Date of Publication

2020 12:00 AM

Security Theme

Violent Extremism

Keywords

Violent Extremism, Radicalization, de-radicalization, terrorism, extremist groups, dehumanization processes, utility of violence

Description

Research exploring radicalization pathways and how and why people become involved in terrorism has expanded since the 9/11 attacks. Likewise, over the last decade research exploring de-radicalization and desistence from terrorism has grown and expanded in an attempt to promote exit from extremist or terror groups. However, research studies on how individuals sustain engagement in terrorism and their involvement with extremist organizations, often in the face of great adversity, are absent from the body of research. To address this scarcity of research this study analyzed accounts of engagement in violent extremism produced by Northern Irish loyalist and republican paramilitaries in order to explore how their paramilitary lifestyle, perpetration of acts of political violence and the pressure from countering threats posed by rival groups, and the State security forces impacted on them. The analysis utilized a hybrid of thematic analysis and interpretative phenomenological analysis (IPA). The themes raised through the analysis reflected the psychological, social and economic hardship associated with this lifestyle. The narrative accounts also illustrated psychological changes associated to engagement in violence and from insulation within tightly knit extremist groups. As most of the participants faced incarceration during their paramilitary careers, themes also reflected on the impact imprisonment had on them. The themes explored factors that sustained their involvement, including the role of identity development and identity fusion in sustaining their extremism, the impact of insulated group membership, feelings of efficacy, dehumanization processes, community support, and beliefs in the utility of violence.

Comments

© 2020 Ferguson and McAuley. This is an open-access article distributed under the terms of the Creative Commons Attribution License (CC BY). The use, distribution or reproduction in other forums is permitted, provided the original author(s) and the copyright owner(s) are credited and that the original publication in this journal is cited, in accordance with accepted academic practice. No use, distribution or reproduction is permitted which does not comply with these terms.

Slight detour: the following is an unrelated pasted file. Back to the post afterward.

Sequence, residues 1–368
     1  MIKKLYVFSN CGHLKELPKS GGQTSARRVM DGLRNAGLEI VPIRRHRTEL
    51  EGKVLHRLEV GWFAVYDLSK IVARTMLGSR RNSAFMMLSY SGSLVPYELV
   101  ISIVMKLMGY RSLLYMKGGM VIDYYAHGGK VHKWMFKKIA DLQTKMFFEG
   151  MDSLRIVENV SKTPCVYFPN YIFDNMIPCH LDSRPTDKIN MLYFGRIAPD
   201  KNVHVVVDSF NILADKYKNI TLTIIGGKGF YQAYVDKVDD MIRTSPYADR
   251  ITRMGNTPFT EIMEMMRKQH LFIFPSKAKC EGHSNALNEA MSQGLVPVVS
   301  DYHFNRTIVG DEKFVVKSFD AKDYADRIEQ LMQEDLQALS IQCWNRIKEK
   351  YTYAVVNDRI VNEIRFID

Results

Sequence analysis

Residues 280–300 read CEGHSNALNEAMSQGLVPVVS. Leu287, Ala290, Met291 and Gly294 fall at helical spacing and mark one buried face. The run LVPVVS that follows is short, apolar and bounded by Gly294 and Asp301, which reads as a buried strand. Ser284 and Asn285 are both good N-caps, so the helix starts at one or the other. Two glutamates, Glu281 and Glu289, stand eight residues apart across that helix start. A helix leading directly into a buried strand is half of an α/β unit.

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Jan 1st, 12:00 AM

Staying Engaged in Terrorism: Narrative Accounts of Sustaining Participation in Violent Extremism

Research exploring radicalization pathways and how and why people become involved in terrorism has expanded since the 9/11 attacks. Likewise, over the last decade research exploring de-radicalization and desistence from terrorism has grown and expanded in an attempt to promote exit from extremist or terror groups. However, research studies on how individuals sustain engagement in terrorism and their involvement with extremist organizations, often in the face of great adversity, are absent from the body of research. To address this scarcity of research this study analyzed accounts of engagement in violent extremism produced by Northern Irish loyalist and republican paramilitaries in order to explore how their paramilitary lifestyle, perpetration of acts of political violence and the pressure from countering threats posed by rival groups, and the State security forces impacted on them. The analysis utilized a hybrid of thematic analysis and interpretative phenomenological analysis (IPA). The themes raised through the analysis reflected the psychological, social and economic hardship associated with this lifestyle. The narrative accounts also illustrated psychological changes associated to engagement in violence and from insulation within tightly knit extremist groups. As most of the participants faced incarceration during their paramilitary careers, themes also reflected on the impact imprisonment had on them. The themes explored factors that sustained their involvement, including the role of identity development and identity fusion in sustaining their extremism, the impact of insulated group membership, feelings of efficacy, dehumanization processes, community support, and beliefs in the utility of violence.

 
 

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